Follina: Attack via Word documents and ms-msdt protocol (CVE-2022-30190)

Windows[German]A new attack vector has been known since the weekend that abuses the Microsoft Support Diagnostics Utility via the ms-msdt: protocol to download and abuse malicious Word documents (or Excel spreadsheets) from the web. Microsoft has since issued a support document for CVE-2022-30190. I have summarized the latest state of knowledge.


Short review of the history

A security researcher with the nick nao_sec noticed an upload from Belarus on Virustotal, which abuses the possible resolution of external links in Microsoft Word to download an HTML document. From there, the ms-msdt protocol is then abused to execute malicious functions via a PowerShell script. The whole thing became public in a tweet on May 27, 2022.

Follina attack on Office

Security researcher Kevin Beaumont then named the vulnerability "Follina" in an article Follina — a Microsoft Office code execution vulnerability. Beaumont writes that the uploaded Word sample uses the Word remote template function to retrieve an HTML file from a remote web server, which in turn uses the MSProtocol URI scheme ms-msdt to load code and execute PowerShell.

This should not be possible, so it is a vulnerability in Microsoft Word. This is because this attack vector works even when macros are disabled in Word. Beaumont concludes that this is a zero-day vulnerability that allows code execution in Office products – whether macros are disabled or not.

The name Follina for the vulnerability is derived from a pattern 0438 in the file, which corresponds to the Follina area code in Italy. The msdt.exe (Microsoft Support Diagnostics Utility) tool invoked via the ms-msdt protocol allows Microsoft Support to investigate certain issues (see here).

In his article, Beaumont demonstrates several preliminary stages in which Follina was tried for attack tests. Then Beaumont tested the whole thing on various devices and found that it worked more often. He shows an example on Windows 10, where he is not logged in as a local administrator and tests with macros completely disabled, with Defender, with Office 365 Semi-Annual Channel. When opening an (infected) Word document, the Windows machine Calc is started – so the attack concept works.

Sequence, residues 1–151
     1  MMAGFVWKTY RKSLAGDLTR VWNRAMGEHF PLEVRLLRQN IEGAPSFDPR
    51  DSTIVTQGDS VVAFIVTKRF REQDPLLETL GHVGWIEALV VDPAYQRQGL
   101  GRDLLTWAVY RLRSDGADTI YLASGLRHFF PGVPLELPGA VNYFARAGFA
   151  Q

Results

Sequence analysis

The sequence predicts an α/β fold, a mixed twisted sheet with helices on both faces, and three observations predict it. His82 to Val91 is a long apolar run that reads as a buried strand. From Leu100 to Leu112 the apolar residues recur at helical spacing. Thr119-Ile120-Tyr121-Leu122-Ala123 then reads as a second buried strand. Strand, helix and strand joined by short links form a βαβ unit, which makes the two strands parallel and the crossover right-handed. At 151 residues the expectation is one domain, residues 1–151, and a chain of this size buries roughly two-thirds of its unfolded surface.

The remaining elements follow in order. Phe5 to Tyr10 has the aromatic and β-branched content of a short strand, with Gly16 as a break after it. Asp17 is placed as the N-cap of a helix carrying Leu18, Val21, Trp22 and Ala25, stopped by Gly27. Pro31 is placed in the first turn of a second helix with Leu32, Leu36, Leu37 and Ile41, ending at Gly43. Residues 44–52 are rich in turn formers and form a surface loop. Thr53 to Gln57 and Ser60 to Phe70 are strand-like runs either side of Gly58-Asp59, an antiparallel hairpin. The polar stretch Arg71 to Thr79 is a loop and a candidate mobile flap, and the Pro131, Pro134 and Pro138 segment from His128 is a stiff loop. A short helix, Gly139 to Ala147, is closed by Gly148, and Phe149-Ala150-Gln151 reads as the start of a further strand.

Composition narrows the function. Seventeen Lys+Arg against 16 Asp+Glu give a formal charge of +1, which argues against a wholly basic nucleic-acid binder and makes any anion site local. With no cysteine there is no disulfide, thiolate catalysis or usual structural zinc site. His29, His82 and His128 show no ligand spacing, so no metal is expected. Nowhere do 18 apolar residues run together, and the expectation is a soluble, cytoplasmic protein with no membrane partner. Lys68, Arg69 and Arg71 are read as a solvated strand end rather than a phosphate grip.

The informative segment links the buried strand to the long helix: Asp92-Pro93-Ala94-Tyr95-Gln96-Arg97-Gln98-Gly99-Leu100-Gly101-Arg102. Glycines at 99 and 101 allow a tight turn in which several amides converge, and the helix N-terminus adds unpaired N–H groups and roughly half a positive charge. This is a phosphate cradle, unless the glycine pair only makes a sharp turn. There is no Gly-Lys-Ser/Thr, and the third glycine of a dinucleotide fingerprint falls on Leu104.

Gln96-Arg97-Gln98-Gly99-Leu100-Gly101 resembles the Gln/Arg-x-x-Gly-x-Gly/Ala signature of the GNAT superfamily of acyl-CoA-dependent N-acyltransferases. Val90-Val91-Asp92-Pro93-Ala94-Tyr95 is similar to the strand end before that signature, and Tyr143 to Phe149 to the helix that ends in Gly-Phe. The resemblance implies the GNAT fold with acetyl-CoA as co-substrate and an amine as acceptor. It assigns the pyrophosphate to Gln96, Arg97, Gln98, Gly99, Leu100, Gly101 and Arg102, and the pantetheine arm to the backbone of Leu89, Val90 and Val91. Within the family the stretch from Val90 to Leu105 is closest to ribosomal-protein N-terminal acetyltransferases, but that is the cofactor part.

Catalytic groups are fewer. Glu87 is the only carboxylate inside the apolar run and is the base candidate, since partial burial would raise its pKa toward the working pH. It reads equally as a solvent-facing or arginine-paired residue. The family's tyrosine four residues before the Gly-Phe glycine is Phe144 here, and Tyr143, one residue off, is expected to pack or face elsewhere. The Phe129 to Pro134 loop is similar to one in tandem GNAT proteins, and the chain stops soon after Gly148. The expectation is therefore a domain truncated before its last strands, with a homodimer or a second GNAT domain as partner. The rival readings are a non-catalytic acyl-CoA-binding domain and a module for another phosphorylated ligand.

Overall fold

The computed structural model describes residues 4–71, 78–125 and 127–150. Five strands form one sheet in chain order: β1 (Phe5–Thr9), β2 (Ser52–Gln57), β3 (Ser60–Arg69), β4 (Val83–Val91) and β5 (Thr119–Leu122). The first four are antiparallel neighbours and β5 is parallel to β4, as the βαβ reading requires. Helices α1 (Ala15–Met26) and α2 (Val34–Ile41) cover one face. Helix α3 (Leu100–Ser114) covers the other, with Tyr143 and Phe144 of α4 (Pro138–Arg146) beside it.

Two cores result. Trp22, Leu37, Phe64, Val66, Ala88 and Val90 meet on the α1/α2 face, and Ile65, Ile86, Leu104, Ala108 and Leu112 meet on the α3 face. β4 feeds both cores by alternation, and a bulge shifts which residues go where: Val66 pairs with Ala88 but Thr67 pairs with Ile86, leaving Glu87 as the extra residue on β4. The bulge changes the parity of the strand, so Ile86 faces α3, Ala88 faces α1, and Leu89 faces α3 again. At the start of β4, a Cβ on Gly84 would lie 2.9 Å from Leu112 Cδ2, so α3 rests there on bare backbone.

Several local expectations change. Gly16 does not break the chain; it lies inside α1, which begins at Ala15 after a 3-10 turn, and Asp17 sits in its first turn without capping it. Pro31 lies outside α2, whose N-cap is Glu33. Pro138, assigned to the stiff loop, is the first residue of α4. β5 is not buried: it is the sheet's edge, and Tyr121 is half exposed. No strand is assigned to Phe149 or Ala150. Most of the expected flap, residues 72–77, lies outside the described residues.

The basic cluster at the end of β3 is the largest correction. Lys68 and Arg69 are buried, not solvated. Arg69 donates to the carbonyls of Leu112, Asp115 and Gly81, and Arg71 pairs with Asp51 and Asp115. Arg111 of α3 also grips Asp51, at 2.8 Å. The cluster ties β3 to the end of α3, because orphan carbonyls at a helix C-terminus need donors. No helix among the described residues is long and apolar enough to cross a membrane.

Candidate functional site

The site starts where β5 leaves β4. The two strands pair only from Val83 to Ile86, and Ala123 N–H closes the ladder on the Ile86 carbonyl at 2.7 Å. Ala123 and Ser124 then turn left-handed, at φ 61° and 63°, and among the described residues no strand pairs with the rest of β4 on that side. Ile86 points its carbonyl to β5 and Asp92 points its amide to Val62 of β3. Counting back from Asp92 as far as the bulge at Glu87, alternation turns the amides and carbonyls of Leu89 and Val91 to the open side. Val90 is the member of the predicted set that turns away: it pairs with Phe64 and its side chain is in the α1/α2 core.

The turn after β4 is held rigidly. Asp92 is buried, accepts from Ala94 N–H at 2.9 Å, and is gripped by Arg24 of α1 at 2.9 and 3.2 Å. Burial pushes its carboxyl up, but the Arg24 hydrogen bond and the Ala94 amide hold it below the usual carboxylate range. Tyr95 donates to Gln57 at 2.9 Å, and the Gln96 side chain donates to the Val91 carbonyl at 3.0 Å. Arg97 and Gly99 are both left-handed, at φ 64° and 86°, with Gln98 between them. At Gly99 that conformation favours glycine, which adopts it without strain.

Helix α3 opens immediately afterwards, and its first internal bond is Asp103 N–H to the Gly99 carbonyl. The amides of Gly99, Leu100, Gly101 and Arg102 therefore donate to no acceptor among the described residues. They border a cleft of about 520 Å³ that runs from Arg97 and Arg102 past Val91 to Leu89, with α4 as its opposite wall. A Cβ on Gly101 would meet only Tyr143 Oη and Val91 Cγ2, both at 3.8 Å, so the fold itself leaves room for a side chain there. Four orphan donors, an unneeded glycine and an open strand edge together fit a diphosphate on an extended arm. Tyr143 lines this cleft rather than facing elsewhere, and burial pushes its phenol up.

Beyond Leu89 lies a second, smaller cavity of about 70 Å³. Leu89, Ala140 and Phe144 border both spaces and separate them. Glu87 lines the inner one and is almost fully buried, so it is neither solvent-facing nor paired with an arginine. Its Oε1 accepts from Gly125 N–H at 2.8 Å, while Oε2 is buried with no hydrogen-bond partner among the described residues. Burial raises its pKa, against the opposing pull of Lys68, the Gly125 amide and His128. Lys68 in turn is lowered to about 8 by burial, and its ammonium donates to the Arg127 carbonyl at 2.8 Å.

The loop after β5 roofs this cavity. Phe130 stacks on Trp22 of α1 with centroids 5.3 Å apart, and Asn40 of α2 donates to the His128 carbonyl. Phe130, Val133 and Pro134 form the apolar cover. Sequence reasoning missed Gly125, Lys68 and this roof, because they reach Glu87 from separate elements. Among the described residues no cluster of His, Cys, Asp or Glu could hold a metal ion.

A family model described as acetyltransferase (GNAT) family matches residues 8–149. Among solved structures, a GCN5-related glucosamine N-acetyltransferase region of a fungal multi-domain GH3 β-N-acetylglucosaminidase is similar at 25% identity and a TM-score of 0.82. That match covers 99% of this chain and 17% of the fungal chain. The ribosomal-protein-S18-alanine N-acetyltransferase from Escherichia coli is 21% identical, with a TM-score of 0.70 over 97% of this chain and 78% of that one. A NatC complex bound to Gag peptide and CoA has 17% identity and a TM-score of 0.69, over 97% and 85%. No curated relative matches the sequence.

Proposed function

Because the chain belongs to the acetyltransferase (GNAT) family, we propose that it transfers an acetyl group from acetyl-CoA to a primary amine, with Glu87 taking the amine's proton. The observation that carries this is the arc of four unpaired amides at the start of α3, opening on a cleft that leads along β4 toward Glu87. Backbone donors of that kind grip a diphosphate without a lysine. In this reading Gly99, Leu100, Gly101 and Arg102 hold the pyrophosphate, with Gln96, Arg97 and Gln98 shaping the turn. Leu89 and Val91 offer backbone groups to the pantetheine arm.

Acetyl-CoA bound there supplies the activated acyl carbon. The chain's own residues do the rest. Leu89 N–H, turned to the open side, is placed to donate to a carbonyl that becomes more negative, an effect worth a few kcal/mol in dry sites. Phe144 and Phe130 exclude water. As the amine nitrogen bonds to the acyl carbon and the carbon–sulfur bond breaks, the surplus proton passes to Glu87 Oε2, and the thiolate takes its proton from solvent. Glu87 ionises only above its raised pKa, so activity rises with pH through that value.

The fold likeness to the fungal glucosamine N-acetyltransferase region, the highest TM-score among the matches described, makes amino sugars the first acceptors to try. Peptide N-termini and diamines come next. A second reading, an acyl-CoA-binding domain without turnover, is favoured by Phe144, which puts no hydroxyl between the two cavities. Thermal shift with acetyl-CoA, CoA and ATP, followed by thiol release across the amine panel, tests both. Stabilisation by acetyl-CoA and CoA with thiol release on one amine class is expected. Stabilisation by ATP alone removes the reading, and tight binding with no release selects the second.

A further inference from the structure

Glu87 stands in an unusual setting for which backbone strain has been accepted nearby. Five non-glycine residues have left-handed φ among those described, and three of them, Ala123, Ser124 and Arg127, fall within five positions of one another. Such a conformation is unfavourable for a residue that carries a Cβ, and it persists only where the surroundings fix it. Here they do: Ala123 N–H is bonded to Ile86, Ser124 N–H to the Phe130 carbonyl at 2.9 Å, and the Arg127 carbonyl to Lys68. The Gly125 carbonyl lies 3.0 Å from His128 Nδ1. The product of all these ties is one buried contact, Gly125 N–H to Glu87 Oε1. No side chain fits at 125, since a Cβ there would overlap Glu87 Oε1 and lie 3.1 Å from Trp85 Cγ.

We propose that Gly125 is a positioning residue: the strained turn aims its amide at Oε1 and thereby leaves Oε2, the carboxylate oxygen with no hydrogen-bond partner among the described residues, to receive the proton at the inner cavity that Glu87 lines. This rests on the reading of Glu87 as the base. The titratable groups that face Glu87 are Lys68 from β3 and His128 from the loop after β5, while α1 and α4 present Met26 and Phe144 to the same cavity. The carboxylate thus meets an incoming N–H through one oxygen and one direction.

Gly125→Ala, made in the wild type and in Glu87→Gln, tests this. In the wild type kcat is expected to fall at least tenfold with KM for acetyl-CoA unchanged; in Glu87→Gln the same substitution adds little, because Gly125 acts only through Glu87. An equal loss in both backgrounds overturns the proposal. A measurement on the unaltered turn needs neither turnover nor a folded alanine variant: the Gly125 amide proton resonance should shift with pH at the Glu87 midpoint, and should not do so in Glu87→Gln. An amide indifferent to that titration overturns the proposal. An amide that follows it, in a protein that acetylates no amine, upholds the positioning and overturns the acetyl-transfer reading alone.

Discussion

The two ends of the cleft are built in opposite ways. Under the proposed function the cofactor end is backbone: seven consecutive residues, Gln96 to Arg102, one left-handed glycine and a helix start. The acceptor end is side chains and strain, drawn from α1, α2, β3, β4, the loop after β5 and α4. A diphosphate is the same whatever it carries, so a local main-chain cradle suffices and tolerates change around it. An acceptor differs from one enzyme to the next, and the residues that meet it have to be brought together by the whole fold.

Who is affected?

Kevin Beaumont writes that the vulnerability can be exploited with RTF files in all versions of Office 365. The vulnerability has been detected in Office 2013, 2016, 2019, 2021, Office ProPlus and Office 365. It also applies to Windows itself, for example, it can be accessed from .lnk files. Beaumont gives more examples and references in his article linked above, that prove the exploit.

Deactivate ms-msdt

Security researcher Will Dormann suggests administrators disable the ms-msdt protocol in the above tweet. This can be done with the following instructions posted by Dormann:

Windows Registry Editor Version 5.00


Who wants to delete the above key in the registry with the command, should import itself before in the registry editor the contents into a .reg file.

Note that corresponding log entries in the registry can also exist under HKCU and HKLM. The entry is available since Windows 8. This article describes a GPO to disable the tool (see also). But also here the hint that in the meantime advanced attacks via WGET and PowerShell are known (see this series of tweets from Will Dormann).

Notes from ICS/SANS and Microsoft

I received a statement from Dr. Johannes Ullrich vom Internet Storm Center,  of the Internet Storm Center, which is part of the SANS Technology Institute:

Malicious Office documents are a popular means of injecting malware. In the past, this was usually done via macros. Microsoft has restricted Office macros to make them harder to abuse.